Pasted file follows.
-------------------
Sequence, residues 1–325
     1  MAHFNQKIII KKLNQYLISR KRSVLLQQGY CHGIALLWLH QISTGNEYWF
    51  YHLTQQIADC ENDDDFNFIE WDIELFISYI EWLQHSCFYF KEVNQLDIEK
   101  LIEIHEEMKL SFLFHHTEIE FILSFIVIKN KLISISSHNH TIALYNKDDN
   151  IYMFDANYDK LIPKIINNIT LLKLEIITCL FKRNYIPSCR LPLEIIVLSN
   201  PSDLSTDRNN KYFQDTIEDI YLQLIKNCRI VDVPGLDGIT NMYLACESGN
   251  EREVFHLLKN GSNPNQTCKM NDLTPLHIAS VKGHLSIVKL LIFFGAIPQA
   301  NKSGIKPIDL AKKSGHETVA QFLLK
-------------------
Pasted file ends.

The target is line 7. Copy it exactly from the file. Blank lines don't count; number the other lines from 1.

   251  EREVFHLLKN GSNPNQTCKM NDLTPLHIAS VKGHLSIVKL LIFFGAIPQA